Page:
When Emma Jansen discovers that the grand Long Island estate where she grew up is set to be demolished, she can’t help but return for one last visit. After all, it was a place filled with firsts: learning to ride a bike, sneaking a glass of champagne, falling in love.
But once Emma arrives at the storied mansion, she can’t ignore the more complicated memories. Because that’s not exactly where Emma grew up. Her mother and father worked for the family that owned the estate, and they lived over the garage like Audrey Hepburn’s character in the film Sabrina. Emma never felt fully accepted, except by the family’s grandson, Henry—a former love—and by the driver’s son, Leo—her best friend.
As plans for the property are put into motion and the three are together for the first time in over a decade, Emma finds herself caught between two worlds and two loves. And when the house reveals a shattering secret about her own family, she’ll have to decide what kind of life she really wants for herself now and who she wants to be in it.
The Audrey Hepburn Estate (Amazon US) (Amazon UK) (Audible.com) (AbeBooks Used Book Marketplace)
I previously read and reviewed The Grace Kelly Dress and #TheLizTaylorRing by Brenda Janowitz and have enjoyed her work. She takes an iconic object from popular culture and creates a narrative around it. With the Audrey Hepburn Estate, the house reportedly used in the Billy Wilder film Sabrina, starring Audrey Hepburn, William Holden, and Humphrey Bogart is the setting.
Told in dual timelines, the book follows Emma as she grows up at the estate. She lives above the garage just like Sabrina did, and her parents work for the estate. Just like in the movie, she’s fallen in love with the owner’s son, Henry, while her friend Leo, who also lives on the estate, looks on.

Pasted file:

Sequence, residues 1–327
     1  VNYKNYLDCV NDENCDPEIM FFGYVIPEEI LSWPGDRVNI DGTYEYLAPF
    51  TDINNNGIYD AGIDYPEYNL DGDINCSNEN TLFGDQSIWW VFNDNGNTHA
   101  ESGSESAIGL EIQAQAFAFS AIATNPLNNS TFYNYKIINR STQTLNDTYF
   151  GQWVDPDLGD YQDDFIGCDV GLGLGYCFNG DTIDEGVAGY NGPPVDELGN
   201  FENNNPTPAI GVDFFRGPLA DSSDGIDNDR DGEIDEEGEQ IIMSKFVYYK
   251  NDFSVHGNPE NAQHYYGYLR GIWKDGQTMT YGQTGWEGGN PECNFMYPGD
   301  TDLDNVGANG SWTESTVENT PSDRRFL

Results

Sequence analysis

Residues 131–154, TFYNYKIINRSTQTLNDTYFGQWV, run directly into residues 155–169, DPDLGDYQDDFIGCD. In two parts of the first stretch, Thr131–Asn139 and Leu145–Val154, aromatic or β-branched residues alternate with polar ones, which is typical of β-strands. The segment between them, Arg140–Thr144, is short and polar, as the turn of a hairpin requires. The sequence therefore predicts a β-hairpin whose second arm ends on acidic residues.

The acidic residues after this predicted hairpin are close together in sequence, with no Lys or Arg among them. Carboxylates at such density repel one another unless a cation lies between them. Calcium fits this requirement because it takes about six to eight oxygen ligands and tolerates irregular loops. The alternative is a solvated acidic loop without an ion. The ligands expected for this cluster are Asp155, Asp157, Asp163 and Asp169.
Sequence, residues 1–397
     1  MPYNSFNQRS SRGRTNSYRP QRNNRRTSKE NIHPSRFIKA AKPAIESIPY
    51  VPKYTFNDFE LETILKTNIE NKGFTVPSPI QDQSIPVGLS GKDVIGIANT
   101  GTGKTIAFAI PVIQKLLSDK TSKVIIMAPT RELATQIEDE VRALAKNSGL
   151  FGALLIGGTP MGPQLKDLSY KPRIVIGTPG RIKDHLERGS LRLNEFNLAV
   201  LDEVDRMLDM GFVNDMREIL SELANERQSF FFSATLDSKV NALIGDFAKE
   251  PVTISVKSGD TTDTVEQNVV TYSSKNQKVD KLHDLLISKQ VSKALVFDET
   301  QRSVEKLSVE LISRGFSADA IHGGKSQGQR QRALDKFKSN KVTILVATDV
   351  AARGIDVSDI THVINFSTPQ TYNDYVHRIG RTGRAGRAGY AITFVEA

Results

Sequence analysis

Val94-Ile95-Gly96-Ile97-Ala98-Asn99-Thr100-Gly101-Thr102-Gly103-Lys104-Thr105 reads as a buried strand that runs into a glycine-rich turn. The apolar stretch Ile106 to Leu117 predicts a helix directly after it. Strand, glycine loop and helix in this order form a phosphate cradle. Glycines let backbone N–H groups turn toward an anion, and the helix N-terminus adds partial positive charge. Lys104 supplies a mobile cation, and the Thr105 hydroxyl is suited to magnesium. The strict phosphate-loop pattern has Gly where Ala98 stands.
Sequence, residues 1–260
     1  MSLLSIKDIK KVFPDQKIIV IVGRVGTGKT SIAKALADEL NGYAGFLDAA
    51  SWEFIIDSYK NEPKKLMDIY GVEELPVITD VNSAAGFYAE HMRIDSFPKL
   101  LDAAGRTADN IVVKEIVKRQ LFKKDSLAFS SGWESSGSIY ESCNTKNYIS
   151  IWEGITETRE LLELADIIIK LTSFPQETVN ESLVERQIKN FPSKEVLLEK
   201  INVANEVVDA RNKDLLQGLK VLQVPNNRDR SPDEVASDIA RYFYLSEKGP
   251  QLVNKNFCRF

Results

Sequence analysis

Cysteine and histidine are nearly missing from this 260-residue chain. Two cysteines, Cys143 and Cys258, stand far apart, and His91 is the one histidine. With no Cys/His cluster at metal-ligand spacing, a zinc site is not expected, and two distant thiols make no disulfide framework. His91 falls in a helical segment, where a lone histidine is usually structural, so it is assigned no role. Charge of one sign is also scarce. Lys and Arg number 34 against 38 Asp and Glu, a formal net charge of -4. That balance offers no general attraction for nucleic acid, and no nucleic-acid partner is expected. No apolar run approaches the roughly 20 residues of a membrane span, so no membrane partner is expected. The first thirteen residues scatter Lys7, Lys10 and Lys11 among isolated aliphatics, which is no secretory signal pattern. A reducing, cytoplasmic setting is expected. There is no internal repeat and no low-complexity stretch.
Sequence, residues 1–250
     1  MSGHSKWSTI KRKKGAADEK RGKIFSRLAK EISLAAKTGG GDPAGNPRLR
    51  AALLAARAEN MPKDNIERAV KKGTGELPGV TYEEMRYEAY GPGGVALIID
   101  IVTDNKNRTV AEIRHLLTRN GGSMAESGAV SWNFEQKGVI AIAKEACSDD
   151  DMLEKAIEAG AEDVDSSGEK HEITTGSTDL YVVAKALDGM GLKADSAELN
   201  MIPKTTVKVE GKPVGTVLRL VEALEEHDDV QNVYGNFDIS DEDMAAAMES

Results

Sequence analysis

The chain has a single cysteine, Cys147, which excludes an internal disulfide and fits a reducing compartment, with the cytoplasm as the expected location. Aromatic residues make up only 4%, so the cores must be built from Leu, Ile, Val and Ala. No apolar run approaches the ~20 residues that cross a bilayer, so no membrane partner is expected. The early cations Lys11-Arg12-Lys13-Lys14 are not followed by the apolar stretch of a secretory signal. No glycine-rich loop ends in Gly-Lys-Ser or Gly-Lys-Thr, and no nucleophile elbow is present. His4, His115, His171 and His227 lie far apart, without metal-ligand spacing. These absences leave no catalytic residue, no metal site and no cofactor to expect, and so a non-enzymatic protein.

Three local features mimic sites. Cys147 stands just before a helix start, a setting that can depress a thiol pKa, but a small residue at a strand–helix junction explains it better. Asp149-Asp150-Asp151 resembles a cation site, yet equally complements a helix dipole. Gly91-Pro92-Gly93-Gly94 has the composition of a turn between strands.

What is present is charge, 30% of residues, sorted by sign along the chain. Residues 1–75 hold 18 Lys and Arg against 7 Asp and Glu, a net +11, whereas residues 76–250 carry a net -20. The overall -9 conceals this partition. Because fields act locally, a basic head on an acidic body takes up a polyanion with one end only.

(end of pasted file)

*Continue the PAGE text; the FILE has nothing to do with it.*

In the modern day, Emma finds out from Leo that the estate is about to be torn down, and Emma wants to stop that. Through the current timeline, Emma realizes that with all the happy times at the estate, there were plenty of sad times. And soon Emma discovers something about her family that she can’t reconcile with.
I highly recommend watching Sabrina (free on Amazon Prime Video) before tackling this book. You certainly don’t have to, but if you do, you’ll notice plenty of Easter eggs written throughout the book that make this book more enjoyable. And Dutch Girl: Audrey Hepburn and World War II by Robert Matzen is a good look at the Netherlands during World War II, which is good to know when delving into this book. At the end of the book, Janowitz takes the time to go chapter-by-chapter and reveal all the facts she inserted into the story, which I appreciated.
All-in-all, this was a very good historical fiction book with a mystery wrapped up in the middle of it. Highly recommend.
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